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Sleep Hygiene for Insomnia: The Complete Guide

by Dale Cudmore | Updated: Jul 21, 2021

Sleep hygiene isn’t a new concept, most research papers on it are from decades ago.

And yet most people still have terrible sleep hygiene.

But the fact that you’re here is a great start to improvement.

One study found that simply learning about sleep hygiene resulted in better sleep quality (1).

In this post you’ll learn about the 10 main parts of sleep hygiene, and how to implement them.

By itself, sleep hygiene is just one part of an insomnia solution (2). However, improving your sleep hygiene is a quick win that can get you sleeping better almost immediately.

The Sleep Hygiene Index

For overall sleep quality, most use the Pittsburgh Sleep Quality Index.

For sleep hygiene, most researchers and physicians use the Sleep Hygiene Index (SHI), which consists of 13 questions where you answer from 0 (never) to 4 (always) (3).

The total score is out of 52, where a higher score represents poorer sleep hygiene.

Here are the questions:

  1. I take daytime naps lasting two or more hours.
  2. I go to bed at different times from day to day.
  3. I get out of bed at different times from day to day.
  4. I exercise to the point of sweating within 1 h of going to bed.
  5. I stay in bed longer than I should two or three times a week.
  6. I use alcohol, tobacco, or caffeine within 4 h of going to bed or after going to bed.
  7. I do something that may wake me up before bedtime (for example: play video games, use the internet, or clean).
  8. I go to bed feeling stressed, angry, upset, or nervous.
  9. I use my bed for things other than sleeping or sex (for example: watch television, read, eat, or study).
  10. I sleep on an uncomfortable bed (for example: poor mattress or pillow, too much or not enough blankets).
  11. I sleep in an uncomfortable bedroom (for example: too bright, too stuffy, too hot, too cold, or too noisy).
  12. I do important work before bedtime (for example: pay bills, schedule, or study).
  13. I think, plan, or worry when I am in bed.

Not all of these are equally important, and a few likely outdated.

Based on current research (the SHI was made using criteria from 1990), exercising before bed isn’t an issue for most people (4):

Evening exercise was not associated with worse sleep. These findings add to the growing body of evidence that sleep hygiene recommendations should not discourage evening exercise.

Let’s go into each item on the list in more detail. I’ll point out any that might be outdated.

Why Daytime Napping May Be Bad

We’re starting out with one of the more controversial ones.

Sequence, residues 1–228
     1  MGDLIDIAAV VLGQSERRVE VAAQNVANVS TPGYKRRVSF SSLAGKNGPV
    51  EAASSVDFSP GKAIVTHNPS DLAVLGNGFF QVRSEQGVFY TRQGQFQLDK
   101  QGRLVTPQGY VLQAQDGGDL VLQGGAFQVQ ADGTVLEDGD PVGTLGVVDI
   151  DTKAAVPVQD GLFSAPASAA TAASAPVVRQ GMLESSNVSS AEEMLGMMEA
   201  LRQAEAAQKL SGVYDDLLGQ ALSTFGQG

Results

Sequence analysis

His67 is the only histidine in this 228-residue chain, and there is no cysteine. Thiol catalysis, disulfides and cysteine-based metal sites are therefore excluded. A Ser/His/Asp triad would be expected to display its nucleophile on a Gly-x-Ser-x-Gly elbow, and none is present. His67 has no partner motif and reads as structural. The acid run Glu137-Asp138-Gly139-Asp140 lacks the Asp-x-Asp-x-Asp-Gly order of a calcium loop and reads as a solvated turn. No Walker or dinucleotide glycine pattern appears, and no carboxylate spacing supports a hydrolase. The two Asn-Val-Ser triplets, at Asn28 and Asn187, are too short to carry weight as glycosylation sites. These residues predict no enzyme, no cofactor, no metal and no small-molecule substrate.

Some research suggests that napping makes it harder to fall asleep.

However, the reason that some people nap is that it's a side effect of their insomnia.

Which one is the cause, and which one is the effect?

Furthermore, some research doesn’t show a relationship between the two at all (5):

However, a correlation between sleep disturbance and daytime napping has not been consistently observed.

Finally, it also depends on the length of the nap.

A 4 hour nap will almost certainly make it harder to establish a nightly sleep routine, but a short one shouldn’t have much of an effect (6):

Very short naps (under 20 min) have been shown to have no significant effect on sleep

So the takeaway here isn’t that daytime naps are terrible no matter what.

Instead, naps are likely only counterproductive if they are causing you to not be able to get to sleep at night, and consequently not get enough sleep at night.

SummaryDaytime napping when needed is fine, but try to keep it short, and don’t do it if you feel it has an impact on getting to sleep at your ideal time at night.

Why a Consistent Sleep Schedule Is Important

Everyone has a circadian rhythm, an internal clock that governs a host of physiological changes.

Note that not everyone has the exact same timings, which is why some people benefit from going to sleep a bit earlier or later than others. It’s usually not that huge of a difference though (i.e. it’s unlikely you should be going to sleep past midnight).

Whenever this rhythm is disrupted, like from going to sleep late or getting up late, there are consequences (7):

This transient rhythm desynchronization is typically characterized by delayed sleep onset, sleep fragmentation, changes in sleep quality and length, early morning awakening, excessive daytime sleepiness, and fatigue

Sometimes this is out of your control if you have to travel or do shift work.

Otherwise, your sleep schedule is in your control and you should take it seriously.

If you’re trying to reset your sleep schedule, start by going to bed when you’re tired and wake up early so that you don’t just lie in bed when you’re not sleepy. Then slowly push your bed time a bit earlier over time until you find a good sleep duration.

SummaryGo to bed at the same time each night (give or take 30 minutes), and wake up around the same time each day as well.

Why Alcohol, Tobacco, and Caffeine Are Bad to Have Before Bed

In general, drugs (even medication) can have a significant effect on your sleep.

Let’s take a quick look at the most common ones that contribute to insomnia.

Caffeine

Some caffeine is perfectly fine, but too much caffeine can cause insomnia.

Research has shown that 2 or fewer cups per day (about 200 mg of caffeine), consumed early enough in the day, causes no increased risk of insomnia (8):

Individuals who consumed on average >3 cups of coffee had the highest incidence of chronic insomnia.

But it needs time to pass through your system, so consume any caffeine (from coffee, tea, energy drinks) as early in the day as possible. This can be tricky on certain diets like intermittent fasting and can lead to insomnia.

Alcohol

Research shows almost the same thing for alcohol as it does for caffeine (8):

Having 3 or more alcoholic drinks per day resulted in the highest risk of insomnia.

However the timing may be different for you.

Some people find that alcohol makes it harder for them to get to sleep, while others find it makes it easier (in the short term). You’ll have to take that into consideration.

Note that insomnia can persists after quitting drinking for a while.

Tobacco

Multiple studies have found that tobacco use is a significant risk factor for insomnia (9).